Legally Blonde
at South Lakes High School

Reviewed on April 26, 2014

Langley High School
Washington Post - Fairfax
Langley High School
Washington Post - Fairfax
Langley High School
Langley High School - Reston
Langley High School
Fairfax County Times
Stone Bridge High School
Oakcrest School
The Sentinel
Thomas Jefferson High School for Science and Technology
The Sentinel

Jamie Joeyen-Waldorf
Langley High School

Submitted for publication to Washington Post - Fairfax

Brains or beauty? Take your pick. For Elle Woods, the choice is simple: both. The primp and peppy blonde takes Harvard by storm in South Lakes High School's whimsical production of Legally Blonde, a story of staying true to yourself through bookish dedication and fashionable flair.

Based on the novel by Amanda Brown and 2001 film of the same name, Legally Blonde graced the Broadway stage in 2007, later receiving seven Tony Award nominations and the Laurence Olivier Award for Best Musical. The show features music and lyrics by Laurence O'Keefe and Nell Benjamin and a book by Heather Hach. It chronicles the story of Elle Woods, a UCLA sorority girl recently dumped by the snobby Warner Huntington III. In an effort to win back his love, Elle follows him by getting herself accepted to Harvard Law School, where students immediately mock her preppy pink lifestyle and ditzy persona. Eventually, Elle learns to transcend her stereotype and becomes an intellectual lawyer with the help of the cute teacher's aide, Emmett Forrest.

Overall, the sounds of the percussive orchestra balanced the singers well, adjusting their volume accordingly. Enthusiastically-executed choreography and high spirits made large ensemble numbers, such as the jump-roping "Whipped Into Shape," one of the many highlights of the production. Two loveable canine companions created heartwarming and comedic moments.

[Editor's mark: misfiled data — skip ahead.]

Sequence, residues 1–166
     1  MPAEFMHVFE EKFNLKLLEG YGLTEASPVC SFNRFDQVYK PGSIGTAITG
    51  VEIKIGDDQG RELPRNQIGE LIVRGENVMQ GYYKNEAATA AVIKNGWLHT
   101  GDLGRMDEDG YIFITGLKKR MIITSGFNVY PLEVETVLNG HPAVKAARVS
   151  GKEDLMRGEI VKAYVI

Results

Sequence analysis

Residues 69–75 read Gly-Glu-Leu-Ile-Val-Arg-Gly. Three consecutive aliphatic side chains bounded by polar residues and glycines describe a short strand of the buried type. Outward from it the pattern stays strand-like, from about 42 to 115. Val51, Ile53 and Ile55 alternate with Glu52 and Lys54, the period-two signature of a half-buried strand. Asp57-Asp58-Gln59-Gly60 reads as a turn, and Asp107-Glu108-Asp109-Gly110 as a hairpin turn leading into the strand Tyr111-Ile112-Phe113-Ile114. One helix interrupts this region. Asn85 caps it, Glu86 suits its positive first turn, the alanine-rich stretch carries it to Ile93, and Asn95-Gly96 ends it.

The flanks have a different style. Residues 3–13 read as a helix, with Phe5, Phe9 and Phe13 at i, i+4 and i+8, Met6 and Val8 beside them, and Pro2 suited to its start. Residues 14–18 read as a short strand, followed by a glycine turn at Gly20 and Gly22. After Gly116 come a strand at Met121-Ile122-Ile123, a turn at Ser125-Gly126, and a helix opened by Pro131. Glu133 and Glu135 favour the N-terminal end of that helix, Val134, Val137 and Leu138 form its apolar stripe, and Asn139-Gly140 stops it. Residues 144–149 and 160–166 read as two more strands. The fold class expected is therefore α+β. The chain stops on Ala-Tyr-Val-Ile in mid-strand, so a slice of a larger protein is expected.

Megan DeSisti played the spunky Elle Woods with charisma and style. DeSisti's alto belt and physical stage presence allowed her to shine, whether showing off her hip-thrusting, high-kicking dance skills in "What You Want" or displaying a more sensitive side of her character in the ballad, "Legally Blonde." Her tactful ability to accommodate some technical errors exemplified professionalism. Stanley Payne as the adorable Emmett Forrest connected believably with DeSisti, smiling his way through the challenges of Harvard Law and depicting a likeable, down-to-earth persona.

Also notable were Megan Fontenot as Warner's new girlfriend and Harvard classmate, Vivienne Kensington, as well as Mark Lawson as the intimidating Professor Callahan. Fontenot successfully created a condescending character that the audience loved to hate, making snickering remarks at Elle, only to show a change of heart in the second act. Lawson's strict demeanor and dominating presence glowed in both his superior acting and enunciated singing. In addition, Kyle the UPS Man (Carlos Lenz) stole the production with his signature stage strut, comically suggestive movements, and character voice. Any vocal errors were masked by the cast's inspirational, upbeat energy and commitment to the campy nature of the musical.

Colorful costumes, numbering over 200, added cohesiveness to various scenes; Elle's outfits particularly suited her well in each instance. An onstage quick change of dresses ran smoothly and pleasantly surprised the audience, characterizing the magic of theatre. Students designed and acquired nearly 300 props that integrated smoothly into the show, quite an impressive feat. Despite a few sound and lighting cue errors, each team handled the numerous microphones and technical difficulty of a musical admirably.

With boundless zeal, heartwarming messages, and a hint of pizzazz, Legally Blonde made us all want to "bend and snap" to the rhythmic sounds of a young woman finding her voice in the most surprising of places.

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Lily Brock
Langley High School

Submitted for publication to Washington Post - Fairfax

"…Baby that's why you and I should break up"—the entrée has yet to arrive and the man of your dreams has discarded you like a last season Prada handbag. What's a girl to do? Drown her sorrows in a pint of triple chocolate brownie ice cream? Perform an a capella rendition of "All by Myself" to your ever-supportive dog, Bruiser? The answer is obvious: Exchange Malibu sorority mixers for legal jargon and follow your love to Harvard Law School. South Lakes High School charmed the audience with their exuberant production of Legally Blonde, proving that there's a brain beneath the blonde.